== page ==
Some families dream about moving to the countryside but silently wonder whether their children will “miss out on experiences” if they move to a seemingly isolated area.
I was lucky to grow up in the countryside, and I wouldn’t have had it any other way. Growing up in the country was the best thing my parents could ever give to me as a child. I learnt about the natural cycles of life and had so much fun climbing trees, caring for my horse, duck and black chook.
I want to give my son a similar experience, but I live on an urban block. So I decided to bring country life into our backyard by creating a backyard farm.
A veggie patch was my first mission. I gathered a few friends and sourced as many recycled materials as I could find.
My first task was to observe the natural cycles in the proposed backyard farm.
- I watched the sun move across the garden space to understand the shadow effect. Most veggies and herbs need a minimum of 6 to 8 hours of sun each day.
- I walked around and felt the microclimates.
Once we decided that the space we chose was appropriate, we cleared it out, measured it up, and made a design on cardboard.
For the frame, we chose recycled corrugated iron sheets that we sourced on a friends farm. We used untreated hardwood stakes to hold the structure in place, and for that special final touch on the edges, we used recycled decking timber. We decided to go with the shabby chic style.
One of our first challenges was cutting all the corrugated iron sheets. At first, we tried cutting the iron with metal snippers. Wow, very time consuming and hard on the hands, not to mention dangerous. So after researching, we finally found that using a hammer and screwdriver was the fastest and safest method (without a machine). It was a very effective technique. You position the screwdriver and then hammer the screwdriver’s tip, which then slices through the corrugated iron. This method kept my hands away from the sharp edges of the corrugated iron and cut the sheets reasonably quickly.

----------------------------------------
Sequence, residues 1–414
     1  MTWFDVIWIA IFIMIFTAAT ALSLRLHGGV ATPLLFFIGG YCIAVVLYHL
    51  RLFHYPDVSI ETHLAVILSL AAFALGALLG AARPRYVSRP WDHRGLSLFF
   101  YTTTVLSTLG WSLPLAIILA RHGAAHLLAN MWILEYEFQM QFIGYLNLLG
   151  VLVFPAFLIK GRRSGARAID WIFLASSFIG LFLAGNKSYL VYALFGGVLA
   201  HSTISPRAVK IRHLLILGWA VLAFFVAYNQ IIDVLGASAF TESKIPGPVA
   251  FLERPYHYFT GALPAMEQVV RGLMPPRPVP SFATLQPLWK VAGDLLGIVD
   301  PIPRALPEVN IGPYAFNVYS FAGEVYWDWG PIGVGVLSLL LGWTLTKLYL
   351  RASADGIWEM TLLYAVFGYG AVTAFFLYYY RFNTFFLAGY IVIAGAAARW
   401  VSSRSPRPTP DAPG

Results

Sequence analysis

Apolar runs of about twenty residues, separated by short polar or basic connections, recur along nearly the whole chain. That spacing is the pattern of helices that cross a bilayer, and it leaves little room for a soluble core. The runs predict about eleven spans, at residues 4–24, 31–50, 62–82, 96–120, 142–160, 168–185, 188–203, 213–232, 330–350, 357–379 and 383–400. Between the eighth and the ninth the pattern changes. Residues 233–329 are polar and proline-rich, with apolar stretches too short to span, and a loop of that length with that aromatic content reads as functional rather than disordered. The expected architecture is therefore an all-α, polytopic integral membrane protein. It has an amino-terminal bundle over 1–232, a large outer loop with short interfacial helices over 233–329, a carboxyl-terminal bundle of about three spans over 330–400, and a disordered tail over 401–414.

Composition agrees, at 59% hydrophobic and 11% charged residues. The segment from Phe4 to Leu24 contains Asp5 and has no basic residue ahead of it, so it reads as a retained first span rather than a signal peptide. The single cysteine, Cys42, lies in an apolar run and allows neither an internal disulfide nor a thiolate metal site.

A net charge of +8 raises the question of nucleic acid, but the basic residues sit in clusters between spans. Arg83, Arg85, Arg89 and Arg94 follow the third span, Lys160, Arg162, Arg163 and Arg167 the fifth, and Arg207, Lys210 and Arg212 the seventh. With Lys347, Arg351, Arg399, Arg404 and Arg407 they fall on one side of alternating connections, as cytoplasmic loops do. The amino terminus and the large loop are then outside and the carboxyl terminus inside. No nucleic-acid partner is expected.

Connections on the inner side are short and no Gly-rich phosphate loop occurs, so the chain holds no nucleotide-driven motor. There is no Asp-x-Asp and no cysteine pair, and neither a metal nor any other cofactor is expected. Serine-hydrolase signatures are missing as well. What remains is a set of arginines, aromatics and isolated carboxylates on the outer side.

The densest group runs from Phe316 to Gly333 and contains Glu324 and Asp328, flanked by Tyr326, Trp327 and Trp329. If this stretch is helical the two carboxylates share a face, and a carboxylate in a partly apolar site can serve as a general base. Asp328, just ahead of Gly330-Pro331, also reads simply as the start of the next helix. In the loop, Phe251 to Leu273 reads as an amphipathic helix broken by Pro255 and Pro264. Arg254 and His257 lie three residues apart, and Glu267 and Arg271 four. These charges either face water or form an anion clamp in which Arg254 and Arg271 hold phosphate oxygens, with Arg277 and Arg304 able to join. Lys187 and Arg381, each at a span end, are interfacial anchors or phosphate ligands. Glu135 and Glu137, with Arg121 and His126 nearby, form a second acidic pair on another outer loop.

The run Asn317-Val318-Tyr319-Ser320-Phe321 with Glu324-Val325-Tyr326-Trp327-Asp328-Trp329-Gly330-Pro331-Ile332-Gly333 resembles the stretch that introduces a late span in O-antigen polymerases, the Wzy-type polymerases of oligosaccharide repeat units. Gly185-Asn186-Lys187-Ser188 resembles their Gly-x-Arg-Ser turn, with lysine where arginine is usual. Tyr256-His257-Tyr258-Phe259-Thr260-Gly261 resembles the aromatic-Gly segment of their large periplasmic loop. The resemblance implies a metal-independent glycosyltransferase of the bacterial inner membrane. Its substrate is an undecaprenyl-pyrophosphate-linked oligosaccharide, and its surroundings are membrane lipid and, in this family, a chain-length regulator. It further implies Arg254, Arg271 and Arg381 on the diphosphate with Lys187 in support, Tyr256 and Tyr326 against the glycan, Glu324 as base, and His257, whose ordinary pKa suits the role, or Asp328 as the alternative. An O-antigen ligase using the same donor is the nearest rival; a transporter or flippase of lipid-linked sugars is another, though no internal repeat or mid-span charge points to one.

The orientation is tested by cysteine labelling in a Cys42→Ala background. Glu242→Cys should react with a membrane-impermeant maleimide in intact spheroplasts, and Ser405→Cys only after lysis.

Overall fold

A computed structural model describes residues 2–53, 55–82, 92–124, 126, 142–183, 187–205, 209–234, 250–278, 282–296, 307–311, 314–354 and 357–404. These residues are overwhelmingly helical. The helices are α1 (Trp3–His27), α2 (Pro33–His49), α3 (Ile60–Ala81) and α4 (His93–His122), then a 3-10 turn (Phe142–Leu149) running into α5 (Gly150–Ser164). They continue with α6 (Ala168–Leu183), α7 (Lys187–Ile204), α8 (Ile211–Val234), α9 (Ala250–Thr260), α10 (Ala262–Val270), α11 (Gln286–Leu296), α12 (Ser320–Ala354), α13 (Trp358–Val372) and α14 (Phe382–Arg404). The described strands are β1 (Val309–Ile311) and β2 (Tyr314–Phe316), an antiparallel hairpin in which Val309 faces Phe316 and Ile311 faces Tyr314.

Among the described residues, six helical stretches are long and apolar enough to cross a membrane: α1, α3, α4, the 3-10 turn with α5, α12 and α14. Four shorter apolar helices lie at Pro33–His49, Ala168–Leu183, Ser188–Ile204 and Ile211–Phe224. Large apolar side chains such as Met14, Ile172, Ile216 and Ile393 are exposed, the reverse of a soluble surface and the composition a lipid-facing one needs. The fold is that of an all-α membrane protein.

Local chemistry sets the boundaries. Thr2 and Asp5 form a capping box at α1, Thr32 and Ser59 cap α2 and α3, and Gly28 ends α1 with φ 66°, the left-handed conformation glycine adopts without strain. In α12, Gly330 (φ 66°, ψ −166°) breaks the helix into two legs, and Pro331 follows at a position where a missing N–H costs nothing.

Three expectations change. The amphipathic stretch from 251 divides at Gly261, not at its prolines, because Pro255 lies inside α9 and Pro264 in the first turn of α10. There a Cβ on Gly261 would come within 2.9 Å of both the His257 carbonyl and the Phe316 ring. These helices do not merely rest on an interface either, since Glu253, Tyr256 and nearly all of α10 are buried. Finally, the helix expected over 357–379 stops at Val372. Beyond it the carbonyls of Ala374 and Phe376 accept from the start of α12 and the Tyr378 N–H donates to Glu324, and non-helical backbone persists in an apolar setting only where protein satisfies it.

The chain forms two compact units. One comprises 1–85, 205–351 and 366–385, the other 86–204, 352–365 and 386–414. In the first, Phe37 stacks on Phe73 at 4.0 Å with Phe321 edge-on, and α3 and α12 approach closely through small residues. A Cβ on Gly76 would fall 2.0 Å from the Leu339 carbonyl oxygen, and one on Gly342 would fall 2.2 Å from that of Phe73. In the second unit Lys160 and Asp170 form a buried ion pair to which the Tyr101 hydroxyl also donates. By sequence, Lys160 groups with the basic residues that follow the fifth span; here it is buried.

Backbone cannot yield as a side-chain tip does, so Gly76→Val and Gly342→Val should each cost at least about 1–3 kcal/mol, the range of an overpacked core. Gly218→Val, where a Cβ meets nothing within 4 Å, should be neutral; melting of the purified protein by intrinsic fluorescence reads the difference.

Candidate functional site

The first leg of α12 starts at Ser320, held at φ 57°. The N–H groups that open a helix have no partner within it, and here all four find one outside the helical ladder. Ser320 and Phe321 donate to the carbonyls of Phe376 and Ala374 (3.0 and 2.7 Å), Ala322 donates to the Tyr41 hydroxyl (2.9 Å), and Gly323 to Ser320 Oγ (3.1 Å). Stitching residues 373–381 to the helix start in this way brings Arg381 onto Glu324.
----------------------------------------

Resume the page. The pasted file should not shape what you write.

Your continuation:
The most complicated challenge was the tree roots we came across as we dug the trench to fit in the side panels. The vast roots were from an old mango tree cut down many years ago by previous owners. Some of the roots we smashed out with an axe and then thrown into the base of the garden. In other areas of the garden, we cut the corrugated iron to fit around the root.
Once the frame was up, we collected twigs, soil, small rocks and partly filled the raised garden bed. As the garden beds were quite deep, we sourced local garden supplies and topped the beds up with good quality garden soil. The garden was planted, and now the rest is history.
Caution: corrugated iron is very sharp. Please use the appropriate tools and safety equipment.
Raised garden beds are great for your backyard farm, especially if you have children or pets. Page 86 of Planet Schooling – How to create a permaculture living laboratory in your backyard guides you to make the space perfect for homeschooling or afternoon learning activities. Purchase here.